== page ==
RandyStafford | Feb 24, 2012 |
An interesting story ruined by overtly religous themes. While many books have covert religous themes in them, this book has it as the main plot driver. Most of the characters are devoutly religious (whatever their religion happens to be) and their actions are driven either by the guilt leveled on them from their religions due to what they've done or their hatred for the 'other' that dominates all religions. In this case, the 'other' is genetically modified people, artificial intelligence and anyone not of their religion and it becomes tedious reading all that angst every time a character has to do something.
This is the first book in this universe that I've read and it will be the last. ( )
  bj | Jan 11, 2012 |
This was my first book by Mr. Swann. And I was very well pleased with the story! The mix of characters and personalities were great and the background to the universe very deep. As more of the story revealed itself, I felt the mounting pressure as each of the forces of the book approached the climax. I'll definitely be reading the remainder of the trilogy. ( )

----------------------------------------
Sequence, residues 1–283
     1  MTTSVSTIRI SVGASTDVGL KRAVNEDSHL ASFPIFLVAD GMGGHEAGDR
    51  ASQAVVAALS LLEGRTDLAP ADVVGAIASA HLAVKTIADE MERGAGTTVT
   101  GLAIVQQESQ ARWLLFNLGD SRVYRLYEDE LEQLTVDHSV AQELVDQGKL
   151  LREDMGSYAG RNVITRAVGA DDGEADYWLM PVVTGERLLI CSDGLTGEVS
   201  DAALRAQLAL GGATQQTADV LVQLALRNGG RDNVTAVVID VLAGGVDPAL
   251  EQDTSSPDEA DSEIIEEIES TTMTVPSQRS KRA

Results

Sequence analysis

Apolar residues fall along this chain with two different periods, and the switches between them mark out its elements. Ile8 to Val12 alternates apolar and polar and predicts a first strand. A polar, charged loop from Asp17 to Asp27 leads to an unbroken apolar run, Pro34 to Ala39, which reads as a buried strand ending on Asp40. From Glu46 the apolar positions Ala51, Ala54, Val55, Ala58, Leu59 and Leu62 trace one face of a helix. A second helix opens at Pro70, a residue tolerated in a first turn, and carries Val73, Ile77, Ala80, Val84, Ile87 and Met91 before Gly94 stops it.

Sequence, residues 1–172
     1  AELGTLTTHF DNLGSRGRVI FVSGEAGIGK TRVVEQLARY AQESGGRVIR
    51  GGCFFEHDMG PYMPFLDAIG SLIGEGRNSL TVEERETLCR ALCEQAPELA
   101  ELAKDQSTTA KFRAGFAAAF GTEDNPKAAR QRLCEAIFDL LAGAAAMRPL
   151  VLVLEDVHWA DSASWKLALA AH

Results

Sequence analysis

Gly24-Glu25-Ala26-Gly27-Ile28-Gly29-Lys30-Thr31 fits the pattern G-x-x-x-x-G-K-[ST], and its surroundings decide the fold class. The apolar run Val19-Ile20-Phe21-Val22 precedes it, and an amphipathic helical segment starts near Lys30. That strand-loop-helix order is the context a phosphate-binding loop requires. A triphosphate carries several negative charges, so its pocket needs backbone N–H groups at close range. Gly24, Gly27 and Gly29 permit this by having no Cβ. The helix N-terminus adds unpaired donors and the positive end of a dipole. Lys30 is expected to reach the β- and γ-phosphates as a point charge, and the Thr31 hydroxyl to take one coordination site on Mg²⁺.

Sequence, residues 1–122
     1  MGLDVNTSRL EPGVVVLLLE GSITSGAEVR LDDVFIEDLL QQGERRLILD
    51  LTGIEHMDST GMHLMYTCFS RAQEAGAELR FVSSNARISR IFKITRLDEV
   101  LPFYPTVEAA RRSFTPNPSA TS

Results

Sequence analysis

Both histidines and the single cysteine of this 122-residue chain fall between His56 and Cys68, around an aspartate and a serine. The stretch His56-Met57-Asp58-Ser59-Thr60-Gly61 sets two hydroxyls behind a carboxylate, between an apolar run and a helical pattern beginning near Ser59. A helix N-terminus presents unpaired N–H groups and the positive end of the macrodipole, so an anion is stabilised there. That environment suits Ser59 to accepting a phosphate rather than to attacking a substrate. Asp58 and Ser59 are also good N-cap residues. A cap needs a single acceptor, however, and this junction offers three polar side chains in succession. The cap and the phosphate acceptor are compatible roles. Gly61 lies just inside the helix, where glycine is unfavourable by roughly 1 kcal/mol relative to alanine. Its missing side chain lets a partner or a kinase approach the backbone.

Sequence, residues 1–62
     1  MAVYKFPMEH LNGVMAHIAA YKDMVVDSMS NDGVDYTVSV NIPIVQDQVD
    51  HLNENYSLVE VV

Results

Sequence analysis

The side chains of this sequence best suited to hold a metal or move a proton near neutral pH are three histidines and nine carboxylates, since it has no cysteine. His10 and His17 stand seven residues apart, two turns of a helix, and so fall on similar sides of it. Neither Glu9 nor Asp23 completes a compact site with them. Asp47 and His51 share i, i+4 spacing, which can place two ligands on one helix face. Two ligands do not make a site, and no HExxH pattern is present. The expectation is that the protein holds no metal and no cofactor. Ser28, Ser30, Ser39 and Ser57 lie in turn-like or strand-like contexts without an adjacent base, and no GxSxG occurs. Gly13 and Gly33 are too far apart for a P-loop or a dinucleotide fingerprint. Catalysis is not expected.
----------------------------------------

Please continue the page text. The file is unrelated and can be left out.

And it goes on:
geordicalrissian | Mar 9, 2010 |
Showing 5 of 5
There are some smart ideas and fun action scenes in Prophets, but I can only give it a lukewarm recommendation. At about 350 pages, this first of a trilogy feels too long. Granted, Swann has a lot to introduce especially to readers unfamiliar to the adventures he's written in this universe. I couldn't help feeling there were many passages that were padded out or repetitive. This pacing may be affecting the characterizations as well.
added by PhoenixTerran | editio9, Chris Hsiang (Mar 10, 2009)
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This is for Michelle, for putting up with all my crap.
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Amazon.com Product Description (ISBN 0756405416, Mass Market Paperback)

It’s been nearly 200 years since the collapse of the Confederacy, the last government to claim humanity’s colonies. So when signals come in revealing lost human colonies that could shift the power balance, the race is on between the Caliphate ships and a small team of scientists and mercenarys. But what awaits them all is a threat far beyond the scope of any human government.

(retrieved from Amazon Thu, 12 Mar 2015 17:59:52 -0400)

Almost two centuries after the collapse of the Confederacy, strange transmissions, from beyond the limit's of human space, start arriving. These transmission announce the existance of human settlements forgotten about after the collapse. Various powers race to settlements to claim them, but when they arrive they find a threat beyond what they could have imagined… (more)